A) Definition of desired air content (mostly 2 %) Air content may generally be set at 2 per cent, or a higher value specified when freeze thaw resistant concrete is to be designed. B) Determination of coarse aggregate volume: coarse aggregate volume is defined by bulk density. Generally coarse aggregate content (D> 4 mm) should be between 50 per cent and 60 percent. When the volume of coarse aggregate in concrete exceeds a certain limit, the opportunity for collision or contact between coarse aggregate particles increases rapidly and there is an increased risk of blockage when the concrete passes through spaces between steel bars. The optimum coarse aggregate content depends on the following parameters: · Maximum aggregate size. The lower the maximum aggregate size, the higher the proportion of coarse aggregate. · Crushed or rounded aggregates. For rounded aggregates, a higher content can be used than for crushed aggregates. C) Determination of sand content Sand, in the context of this mix composition procedure is defined as all particles larger than 0,125 mm and smaller than 4 mm. Sand content is defined by bulk density. The optimal volume content of sand in the mortar varies between 40 – 50 % depending on paste properties.
D) Design of paste composition Initially the water/powder ratio for zero flow (Bp) is determined in the paste, with the chosen proportion of cement and additions. Flow cone tests with water/powder ratios by volume of e.g. 1,1, 1,2, 1,3 and 1,4 are performed with the selected powder composition, see Figure7.for typical results. The point of intersection with the y - axis is designated the (Bp) value. This (Bp) value is used mainly for quality control of water demand for new batches of cement and fillers. FIG.7 the typical results of (Bp) values versus slump level
E) Determination of optimum volumetric water/powder ratio and superplasticizer dosage in mortar: Tests with flow cone and V-Funnel for mortar are performed at varying water/powder ratios in the range of [0,8 – 0,9]. Bp and dosages of superplasticizer. The superplasticizer is used to balance the rheology of the paste. The volume content of sand in the mortar remains the same as determined above. Target values are slump flow of 24 to 26 cm and V-Funnel time of 7 to 11 seconds. At target slump flow, where V-funnel time is lower than 7 seconds, then decrease the water/powder ratio. For target slump flow and V-funnel time in excess of 11 seconds, water/powder ratio should be increased. If these criteria cannot be fulfilled, then the particular combination of materials is inadequate. A trial with a different superplasticizer is the preferred alternative. Second alternative is a new additive, and as a last resort different cement. F) Concrete tests The concrete composition is now determined and the superplasticizer dosage is finally selected on the Basis of concrete tests.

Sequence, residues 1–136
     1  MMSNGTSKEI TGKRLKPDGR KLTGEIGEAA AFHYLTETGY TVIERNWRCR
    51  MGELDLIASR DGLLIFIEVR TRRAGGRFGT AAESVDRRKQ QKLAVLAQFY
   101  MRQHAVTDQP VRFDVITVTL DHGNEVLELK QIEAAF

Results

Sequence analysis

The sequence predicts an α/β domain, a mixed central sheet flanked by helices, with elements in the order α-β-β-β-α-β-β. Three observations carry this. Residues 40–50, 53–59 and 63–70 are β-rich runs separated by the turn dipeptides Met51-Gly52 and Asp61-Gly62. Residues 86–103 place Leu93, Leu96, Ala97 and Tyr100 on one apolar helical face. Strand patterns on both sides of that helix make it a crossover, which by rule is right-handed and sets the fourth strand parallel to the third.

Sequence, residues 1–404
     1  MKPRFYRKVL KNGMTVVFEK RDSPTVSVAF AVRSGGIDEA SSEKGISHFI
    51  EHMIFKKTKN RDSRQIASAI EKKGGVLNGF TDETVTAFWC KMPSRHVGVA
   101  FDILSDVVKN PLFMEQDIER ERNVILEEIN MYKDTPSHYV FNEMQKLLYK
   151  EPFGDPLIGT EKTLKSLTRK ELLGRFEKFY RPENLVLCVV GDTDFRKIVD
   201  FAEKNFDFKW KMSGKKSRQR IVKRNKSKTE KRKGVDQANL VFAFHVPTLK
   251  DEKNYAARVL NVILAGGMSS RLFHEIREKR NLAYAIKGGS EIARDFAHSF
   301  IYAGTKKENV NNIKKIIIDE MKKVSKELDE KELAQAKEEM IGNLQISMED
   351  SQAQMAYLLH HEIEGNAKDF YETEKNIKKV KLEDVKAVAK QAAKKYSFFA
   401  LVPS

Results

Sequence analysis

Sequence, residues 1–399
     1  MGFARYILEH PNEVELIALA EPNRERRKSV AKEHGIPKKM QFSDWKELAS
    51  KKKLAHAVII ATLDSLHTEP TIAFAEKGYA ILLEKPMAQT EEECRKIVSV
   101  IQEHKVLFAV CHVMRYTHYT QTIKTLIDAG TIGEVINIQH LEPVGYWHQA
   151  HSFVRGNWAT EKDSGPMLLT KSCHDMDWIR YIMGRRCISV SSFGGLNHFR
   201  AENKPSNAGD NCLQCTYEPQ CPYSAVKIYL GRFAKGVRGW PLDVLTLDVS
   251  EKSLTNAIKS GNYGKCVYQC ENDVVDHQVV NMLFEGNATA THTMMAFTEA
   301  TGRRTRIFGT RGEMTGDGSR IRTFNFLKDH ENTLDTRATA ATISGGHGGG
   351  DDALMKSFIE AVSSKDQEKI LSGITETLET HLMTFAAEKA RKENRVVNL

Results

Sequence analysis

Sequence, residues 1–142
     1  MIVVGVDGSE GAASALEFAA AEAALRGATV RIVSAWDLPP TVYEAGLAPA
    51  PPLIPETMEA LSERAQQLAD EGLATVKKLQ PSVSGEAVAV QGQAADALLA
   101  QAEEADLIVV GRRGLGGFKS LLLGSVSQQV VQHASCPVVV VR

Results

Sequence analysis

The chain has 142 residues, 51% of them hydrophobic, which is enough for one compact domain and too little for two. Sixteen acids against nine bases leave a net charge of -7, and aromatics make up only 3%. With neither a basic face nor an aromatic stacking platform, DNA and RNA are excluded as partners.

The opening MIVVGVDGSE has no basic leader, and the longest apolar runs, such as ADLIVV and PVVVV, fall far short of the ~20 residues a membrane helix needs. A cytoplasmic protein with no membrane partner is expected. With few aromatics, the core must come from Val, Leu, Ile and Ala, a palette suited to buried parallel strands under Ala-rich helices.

Requirements for constituent materials Cement All types of cements conforming to EN 197 are suitable. Selection of the type of cement will depend on the overall requirements for the concrete, such as strength, durability, etc. C3A content higher than 10% may cause problems of poor workability retention. The typical content of cement is Kg/m3. More than 500 Kg/m3 cement can be dangerous and increase the shrinkage. Less than 350 Kg/m3 may only be suitable with the inclusion of other fine filler, such as fly ash, pozzolan, etc. Sand All normal concreting sands are suitable for SCC. Both crushed or rounded sands can be used. Siliceous or calcareous sands can be used. The amount of fines less than 0,125 mm is to be considered as powder and is very important for the rheology of the SCC. A minimum amount of fines (arising from the binders and the sand) must be achieved to avoid segregation.